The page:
Can I move around?
It’s important to stay still or the images might be blurry, so we’ll need to get you into a comfortable position. We have special equipment that might help with that. You might also be asked to breathe in, out, or hold your breath at certain times.

After the scan we may make some small, permanent marks (tattoos) on your skin. This is to make sure the right area is treated accurately each time. They’re smaller than a freckle. If you’re having treatment for head or neck cancer, we’ll make a special frame (or mask) for you to wear during treatment. The tattoos will be made directly onto the frame or mask.

Watch the having a CT scan video for more detail.

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Chapter 05

Your treatment plan

Our cancer treatments and technologies use the most advanced technology available, aiming for the most effective treatment with minimal damage or side-effects. Your treatment plan is personalised to you, taking into account the shape, size and location of the tumour. How long your treatment lasts depends on your type of cancer.

Your treatment plan will outline:

  • The type of radiation therapy you need
  • How many treatment sessions (these are sometimes called ‘fractions’)
  • How often you’ll visit (this is known as ‘attendance’)

What goes on behind the scenes?
If you’ve had your CT scan, your doctor and planning team will get together and review the images. If you are being treated with radiation oncology, this helps them choose the radiation dose that’s right for you. Calculating the correct dose of radiation therapy is called ‘dosimetry’. Watch the planning your treatment video for more detail.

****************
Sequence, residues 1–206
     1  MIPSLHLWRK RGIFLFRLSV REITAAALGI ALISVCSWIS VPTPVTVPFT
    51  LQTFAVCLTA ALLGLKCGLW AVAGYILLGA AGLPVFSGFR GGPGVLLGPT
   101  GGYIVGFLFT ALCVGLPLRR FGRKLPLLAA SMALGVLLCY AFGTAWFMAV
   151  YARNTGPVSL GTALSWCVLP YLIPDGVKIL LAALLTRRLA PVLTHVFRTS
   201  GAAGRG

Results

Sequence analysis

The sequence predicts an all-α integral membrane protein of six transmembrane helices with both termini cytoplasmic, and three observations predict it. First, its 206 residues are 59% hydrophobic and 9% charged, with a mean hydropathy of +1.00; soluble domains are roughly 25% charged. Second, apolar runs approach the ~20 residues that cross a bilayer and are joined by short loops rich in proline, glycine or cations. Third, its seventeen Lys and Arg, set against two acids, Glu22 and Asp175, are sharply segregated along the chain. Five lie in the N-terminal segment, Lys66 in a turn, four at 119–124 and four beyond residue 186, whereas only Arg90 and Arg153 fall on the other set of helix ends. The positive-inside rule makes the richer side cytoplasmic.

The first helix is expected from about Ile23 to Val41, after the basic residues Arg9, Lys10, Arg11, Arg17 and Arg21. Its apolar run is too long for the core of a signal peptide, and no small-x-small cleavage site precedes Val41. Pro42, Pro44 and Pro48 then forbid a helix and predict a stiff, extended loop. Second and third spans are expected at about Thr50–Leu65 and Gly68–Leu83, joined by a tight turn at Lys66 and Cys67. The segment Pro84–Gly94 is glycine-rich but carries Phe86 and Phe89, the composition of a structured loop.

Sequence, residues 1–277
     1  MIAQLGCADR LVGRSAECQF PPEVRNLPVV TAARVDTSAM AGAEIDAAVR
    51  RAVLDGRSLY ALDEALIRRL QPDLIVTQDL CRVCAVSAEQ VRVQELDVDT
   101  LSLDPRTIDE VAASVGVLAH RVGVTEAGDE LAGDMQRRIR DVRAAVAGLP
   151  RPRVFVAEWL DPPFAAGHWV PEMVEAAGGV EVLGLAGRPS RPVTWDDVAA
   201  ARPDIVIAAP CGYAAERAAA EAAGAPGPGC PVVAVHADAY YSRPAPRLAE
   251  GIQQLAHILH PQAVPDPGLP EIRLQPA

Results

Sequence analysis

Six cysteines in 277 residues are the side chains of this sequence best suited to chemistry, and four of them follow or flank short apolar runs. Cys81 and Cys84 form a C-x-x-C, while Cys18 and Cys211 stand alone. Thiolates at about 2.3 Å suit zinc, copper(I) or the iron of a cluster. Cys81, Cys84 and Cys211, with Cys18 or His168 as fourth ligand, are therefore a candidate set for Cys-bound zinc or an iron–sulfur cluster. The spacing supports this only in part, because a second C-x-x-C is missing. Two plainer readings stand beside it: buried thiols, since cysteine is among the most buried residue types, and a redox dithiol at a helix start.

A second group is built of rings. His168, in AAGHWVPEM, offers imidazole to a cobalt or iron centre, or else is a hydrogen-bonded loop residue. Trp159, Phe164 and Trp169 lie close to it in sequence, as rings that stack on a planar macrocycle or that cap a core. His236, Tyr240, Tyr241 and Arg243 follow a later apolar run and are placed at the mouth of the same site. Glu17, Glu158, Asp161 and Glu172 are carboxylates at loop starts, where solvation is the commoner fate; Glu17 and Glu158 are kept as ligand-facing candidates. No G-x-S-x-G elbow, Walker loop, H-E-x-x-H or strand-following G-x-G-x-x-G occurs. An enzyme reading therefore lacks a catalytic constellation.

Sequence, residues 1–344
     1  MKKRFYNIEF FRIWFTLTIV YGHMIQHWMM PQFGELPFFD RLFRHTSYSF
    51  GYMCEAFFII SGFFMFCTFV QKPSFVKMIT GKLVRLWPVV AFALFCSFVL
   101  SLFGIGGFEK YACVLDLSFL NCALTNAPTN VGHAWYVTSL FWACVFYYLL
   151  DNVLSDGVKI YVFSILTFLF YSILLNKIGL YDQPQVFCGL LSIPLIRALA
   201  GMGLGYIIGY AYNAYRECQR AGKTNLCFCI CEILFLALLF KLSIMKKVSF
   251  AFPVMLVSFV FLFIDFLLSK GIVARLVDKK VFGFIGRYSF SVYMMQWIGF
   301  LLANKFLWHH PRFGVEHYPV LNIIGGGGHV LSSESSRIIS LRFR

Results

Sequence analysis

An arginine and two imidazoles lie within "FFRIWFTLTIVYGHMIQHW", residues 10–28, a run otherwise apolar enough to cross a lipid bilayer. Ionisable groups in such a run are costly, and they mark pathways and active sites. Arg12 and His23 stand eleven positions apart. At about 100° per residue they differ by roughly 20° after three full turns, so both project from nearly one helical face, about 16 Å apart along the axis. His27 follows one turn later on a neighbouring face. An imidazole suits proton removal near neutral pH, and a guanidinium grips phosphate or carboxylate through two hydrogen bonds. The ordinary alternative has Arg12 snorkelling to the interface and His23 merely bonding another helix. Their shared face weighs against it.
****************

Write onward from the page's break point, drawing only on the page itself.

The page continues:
If you are receiving another type of treatment, read more under the treatments menu to find out more about what to expect.

Who checks my treatment plan?
Once your plan has been designed, it’ll be double-checked by the clinical team. Then it’s reviewed and approved. We only start treatment when all of these checks have been done.

Chapter 06

Your first appointment

At your first appointment, one of care team will tell you exactly what to expect from your treatment, and can answer any of your questions.

Some things happen at every appointment:

  • Identity checks. Although some staff will know and recognise you, we always need to check your identity. You’ll be asked to confirm your full name, date of birth, address and the area of your body being treated.
  • Your measurements. Key measurements will also be checked and recorded while you’re getting ready.

Watch our what to expect video.

You’ll never have to face your treatment alone. Your care team will always be with you to answer any questions and help you feel comfortable and welcome.

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Chapter 07

Managing side effects